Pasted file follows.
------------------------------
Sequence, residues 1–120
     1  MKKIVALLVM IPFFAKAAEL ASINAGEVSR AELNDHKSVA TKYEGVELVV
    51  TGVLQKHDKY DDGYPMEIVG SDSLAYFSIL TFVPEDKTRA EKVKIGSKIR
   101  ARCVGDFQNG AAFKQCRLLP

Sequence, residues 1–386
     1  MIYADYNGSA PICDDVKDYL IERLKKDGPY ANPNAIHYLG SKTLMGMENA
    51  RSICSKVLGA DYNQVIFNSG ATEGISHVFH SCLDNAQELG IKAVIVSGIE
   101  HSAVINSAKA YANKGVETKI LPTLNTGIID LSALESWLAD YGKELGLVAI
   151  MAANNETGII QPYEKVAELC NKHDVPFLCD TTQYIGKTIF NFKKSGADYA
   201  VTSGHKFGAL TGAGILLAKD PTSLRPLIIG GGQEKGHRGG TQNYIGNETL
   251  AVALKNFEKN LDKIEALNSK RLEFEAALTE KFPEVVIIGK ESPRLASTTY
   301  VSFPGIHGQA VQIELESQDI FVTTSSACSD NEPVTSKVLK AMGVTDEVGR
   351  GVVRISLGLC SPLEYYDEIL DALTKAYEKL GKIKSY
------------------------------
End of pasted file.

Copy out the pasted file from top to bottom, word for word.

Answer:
Sequence, residues 1–120
     1  MKKIVALLVM IPFFAKAAEL ASINAGEVSR AELNDHKSVA TKYEGVELVV
    51  TGVLQKHDKY DDGYPMEIVG SDSLAYFSIL TFVPEDKTRA EKVKIGSKIR
   101  ARCVGDFQNG AAFKQCRLLP

Sequence, residues 1–386
     1  MIYADYNGSA PICDDVKDYL IERLKKDGPY ANPNAIHYLG SKTLMGMENA
    51  RSICSKVLGA DYNQVIFNSG ATEGISHVFH SCLDNAQELG IKAVIVSGIE
   101  HSAVINSAKA YANKGVETKI LPTLNTGIID LSALESWLAD YGKELGLVAI
   151  MAANNETGII QPYEKVAELC NKHDVPFLCD TTQYIGKTIF NFKKSGADYA
   201  VTSGHKFGAL TGAGILLAKD PTSLRPLIIG GGQEKGHRGG TQNYIGNETL
   251  AVALKNFEKN LDKIEALNSK RLEFEAALTE KFPEVVIIGK ESPRLASTTY
   301  VSFPGIHGQA VQIELESQDI FVTTSSACSD NEPVTSKVLK AMGVTDEVGR
   351  GVVRISLGLC SPLEYYDEIL DALTKAYEKL GKIKSY